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ORIGINAL ARTICLE
Year : 2020  |  Volume : 3  |  Issue : 4  |  Page : 299-307

Stress and psychological consequences of COVID-19 on health-care workers


1 Department of Psychiatry, Faculty of Medicine, Mansoura University, Mansoura, Egypt; Department of Psychiatry-NAAFH, Qasim Mental Health Hospital, Boraida, Saudi Arabia
2 Department of Physiotherapy and Rehabilitation Medicine, Qasim Mental Health Hospital, Boraida, Saudi Arabia
3 Medical Education and Research Unit -NAAFH, Qasim Mental Health Hospital, Boraida, Saudi Arabia
4 Department of Psychiatry-NAAFH, Qasim Mental Health Hospital, Boraida, Saudi Arabia
5 Departemnt of psychiatry, Head of Research Unit, Qasim Mental Health Hospital, Boraida, Saudi Arabia
6 Medical Administration, North Area Armed Forces Hospital, King Khalid Military City, Majmaah, Saudi Arabia
7 Department of Nursing, College of Applied Medical Sciences, Majmaah University, Majmaah, Saudi Arabia
8 Department of Medicine, The University Sleep Disorders Center, College of Medicine, King Saud University, Riyadh, Saudi Arabia
9 Medical Education and Research Unit -NAAFH, Qasim Mental Health Hospital, Boraida; Department of Family Medicine, Medical Education and Medical Bioethics, Imam University, Riyadh, Saudi Arabia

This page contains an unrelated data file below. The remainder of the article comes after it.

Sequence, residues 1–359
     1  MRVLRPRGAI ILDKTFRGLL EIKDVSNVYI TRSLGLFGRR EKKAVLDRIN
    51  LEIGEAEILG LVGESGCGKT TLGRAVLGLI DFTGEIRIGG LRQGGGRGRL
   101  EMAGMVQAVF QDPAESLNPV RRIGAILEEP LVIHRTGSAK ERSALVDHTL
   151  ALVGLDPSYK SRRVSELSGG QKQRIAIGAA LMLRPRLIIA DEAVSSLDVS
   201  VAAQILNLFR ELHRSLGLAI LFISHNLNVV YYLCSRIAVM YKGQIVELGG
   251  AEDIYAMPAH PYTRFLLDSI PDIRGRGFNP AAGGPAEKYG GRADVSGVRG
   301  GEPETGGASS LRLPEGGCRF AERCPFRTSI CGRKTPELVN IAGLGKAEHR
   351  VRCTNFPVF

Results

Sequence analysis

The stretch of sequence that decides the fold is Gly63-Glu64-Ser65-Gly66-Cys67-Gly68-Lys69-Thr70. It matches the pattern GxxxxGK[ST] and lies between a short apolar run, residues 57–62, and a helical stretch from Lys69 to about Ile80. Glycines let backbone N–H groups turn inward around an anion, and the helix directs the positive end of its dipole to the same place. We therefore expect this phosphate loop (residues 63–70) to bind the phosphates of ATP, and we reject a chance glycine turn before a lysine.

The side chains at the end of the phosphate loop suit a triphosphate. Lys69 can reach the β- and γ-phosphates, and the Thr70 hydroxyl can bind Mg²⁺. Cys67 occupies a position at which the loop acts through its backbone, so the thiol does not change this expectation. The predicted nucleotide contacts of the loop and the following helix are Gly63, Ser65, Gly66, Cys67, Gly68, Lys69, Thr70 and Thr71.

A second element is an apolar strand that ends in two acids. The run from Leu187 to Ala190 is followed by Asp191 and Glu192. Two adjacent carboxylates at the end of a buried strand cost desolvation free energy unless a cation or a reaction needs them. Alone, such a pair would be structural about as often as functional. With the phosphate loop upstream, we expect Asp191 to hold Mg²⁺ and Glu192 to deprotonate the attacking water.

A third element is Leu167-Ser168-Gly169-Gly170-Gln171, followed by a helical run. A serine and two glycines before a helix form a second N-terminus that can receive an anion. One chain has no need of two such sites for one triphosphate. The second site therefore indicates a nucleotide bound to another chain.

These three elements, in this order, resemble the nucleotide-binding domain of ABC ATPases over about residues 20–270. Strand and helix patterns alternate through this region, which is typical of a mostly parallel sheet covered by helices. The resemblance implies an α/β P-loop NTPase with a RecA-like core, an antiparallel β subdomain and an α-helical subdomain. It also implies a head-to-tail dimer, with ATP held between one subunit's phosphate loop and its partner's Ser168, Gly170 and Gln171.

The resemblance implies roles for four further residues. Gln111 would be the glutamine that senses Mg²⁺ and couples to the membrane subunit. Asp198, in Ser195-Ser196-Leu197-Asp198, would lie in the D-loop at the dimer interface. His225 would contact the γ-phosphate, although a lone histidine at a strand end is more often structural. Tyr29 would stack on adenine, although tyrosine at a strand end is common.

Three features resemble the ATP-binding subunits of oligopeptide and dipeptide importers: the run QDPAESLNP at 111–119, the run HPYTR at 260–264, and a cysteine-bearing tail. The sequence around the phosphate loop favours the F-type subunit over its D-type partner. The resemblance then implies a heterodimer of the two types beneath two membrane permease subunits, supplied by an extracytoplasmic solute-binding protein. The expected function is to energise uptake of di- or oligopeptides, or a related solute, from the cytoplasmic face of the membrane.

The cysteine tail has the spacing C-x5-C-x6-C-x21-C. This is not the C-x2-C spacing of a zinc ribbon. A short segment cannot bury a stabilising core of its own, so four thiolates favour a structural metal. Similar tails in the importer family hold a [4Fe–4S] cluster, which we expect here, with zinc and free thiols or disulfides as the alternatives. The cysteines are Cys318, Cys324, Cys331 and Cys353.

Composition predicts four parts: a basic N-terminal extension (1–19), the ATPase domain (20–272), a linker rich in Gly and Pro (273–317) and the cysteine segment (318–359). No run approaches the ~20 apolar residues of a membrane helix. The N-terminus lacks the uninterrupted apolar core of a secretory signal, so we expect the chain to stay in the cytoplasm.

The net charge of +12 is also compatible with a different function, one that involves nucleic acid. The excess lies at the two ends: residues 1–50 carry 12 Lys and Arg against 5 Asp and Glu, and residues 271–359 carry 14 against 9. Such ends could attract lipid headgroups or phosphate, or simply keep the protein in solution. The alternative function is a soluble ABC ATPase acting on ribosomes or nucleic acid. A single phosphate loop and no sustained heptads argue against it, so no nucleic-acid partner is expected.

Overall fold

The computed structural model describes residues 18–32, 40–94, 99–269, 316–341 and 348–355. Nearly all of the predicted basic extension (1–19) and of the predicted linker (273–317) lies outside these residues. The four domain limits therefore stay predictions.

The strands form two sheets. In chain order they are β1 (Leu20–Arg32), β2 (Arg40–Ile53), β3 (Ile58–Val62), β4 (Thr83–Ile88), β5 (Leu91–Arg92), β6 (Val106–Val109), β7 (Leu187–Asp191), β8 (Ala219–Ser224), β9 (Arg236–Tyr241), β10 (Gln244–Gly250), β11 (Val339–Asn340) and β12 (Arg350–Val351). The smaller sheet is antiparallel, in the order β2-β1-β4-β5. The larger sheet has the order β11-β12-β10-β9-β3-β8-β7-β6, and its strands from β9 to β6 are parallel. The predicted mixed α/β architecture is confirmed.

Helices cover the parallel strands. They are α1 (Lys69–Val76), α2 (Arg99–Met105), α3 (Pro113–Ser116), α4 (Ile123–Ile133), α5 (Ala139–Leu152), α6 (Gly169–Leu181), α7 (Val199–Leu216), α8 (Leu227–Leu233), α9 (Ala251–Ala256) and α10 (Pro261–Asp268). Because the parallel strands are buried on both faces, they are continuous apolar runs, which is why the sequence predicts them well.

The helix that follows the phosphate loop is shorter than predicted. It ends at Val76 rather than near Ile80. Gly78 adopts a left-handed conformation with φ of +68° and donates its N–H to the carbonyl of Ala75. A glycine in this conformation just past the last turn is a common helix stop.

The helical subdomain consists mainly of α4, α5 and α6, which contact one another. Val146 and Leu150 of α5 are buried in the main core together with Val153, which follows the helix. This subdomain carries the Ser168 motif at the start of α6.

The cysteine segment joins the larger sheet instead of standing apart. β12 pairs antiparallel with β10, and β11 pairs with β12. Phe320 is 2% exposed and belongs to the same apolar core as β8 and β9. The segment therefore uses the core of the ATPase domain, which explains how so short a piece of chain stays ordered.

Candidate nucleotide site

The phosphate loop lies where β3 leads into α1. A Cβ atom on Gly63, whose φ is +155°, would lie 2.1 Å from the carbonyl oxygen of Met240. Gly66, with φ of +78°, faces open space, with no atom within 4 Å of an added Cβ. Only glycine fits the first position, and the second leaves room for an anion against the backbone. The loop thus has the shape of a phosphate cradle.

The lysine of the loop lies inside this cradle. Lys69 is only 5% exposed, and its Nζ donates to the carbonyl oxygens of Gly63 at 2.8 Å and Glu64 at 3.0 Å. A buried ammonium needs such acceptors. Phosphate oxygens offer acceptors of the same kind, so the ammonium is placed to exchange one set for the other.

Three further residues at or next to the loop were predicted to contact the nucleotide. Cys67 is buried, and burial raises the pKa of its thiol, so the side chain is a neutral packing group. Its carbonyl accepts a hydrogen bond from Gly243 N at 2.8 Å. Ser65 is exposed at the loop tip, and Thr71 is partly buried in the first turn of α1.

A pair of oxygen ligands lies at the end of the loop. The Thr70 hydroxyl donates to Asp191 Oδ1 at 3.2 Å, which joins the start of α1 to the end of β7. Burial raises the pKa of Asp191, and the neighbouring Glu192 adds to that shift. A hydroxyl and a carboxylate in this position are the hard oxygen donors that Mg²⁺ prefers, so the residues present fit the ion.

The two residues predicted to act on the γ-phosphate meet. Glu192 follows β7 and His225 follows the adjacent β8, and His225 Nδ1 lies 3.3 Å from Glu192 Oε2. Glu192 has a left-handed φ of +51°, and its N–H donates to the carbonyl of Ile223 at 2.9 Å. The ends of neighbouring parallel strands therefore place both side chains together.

10 Somnogen Canada Inc., Toronto, ON, Canada

Correspondence Address:
Nevin F W. Zaki
Department of Psychiatry, Faculty of Medicine, Mansoura University, Mansoura, Egypt or King Khalid Military City, Hafr Elbaten

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Source of Support: None, Conflict of Interest: None


DOI: 10.4103/JNSM.JNSM_86_20

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Background: The wide scope and spread of Coronavirus Disease 2019 (COVID-19) could lead to a true mental health disaster, especially in countries with high caseloads. Very few studies have assessed the impact on hospital staff. This study aimed to assess mental health changes in health-care workers (Northern Area Armed Forces Hospital-Kingdom of Saudi Arabia). Materials and Methods: This is a cross-sectional study. A survey questionnaire was designed and distributed among the participants, and the survey contained demographic questions and questions related to anxiety, worries, and fears, in addition to depressive symptoms and basic sleep profile. In addition, the psychological impacts, feelings, fears of developing COVID-19, and symptoms of posttraumatic stress disorder were assessed using the Impact of Events Scale-Revised (IES-R). Results: The mean age of the staff was 38.2 years. The examined staffs showed high levels of anxiety and depressive features: 19.3% had crying and depressed mood and 2.4% had loss of motivation; they depended mainly on social media as a source of COVID-19 information. Moreover, these features correlated positively with their Post-Traumatic features measured by the IES-R. Nearly 27.3% of the participants had their duty impacted by COVID-19 and 40.6% were affected financially. Conclusion: Our study identified a vulnerable group susceptible to psychological distress. Psychological support could also be included as counseling services and development of support systems among colleagues.


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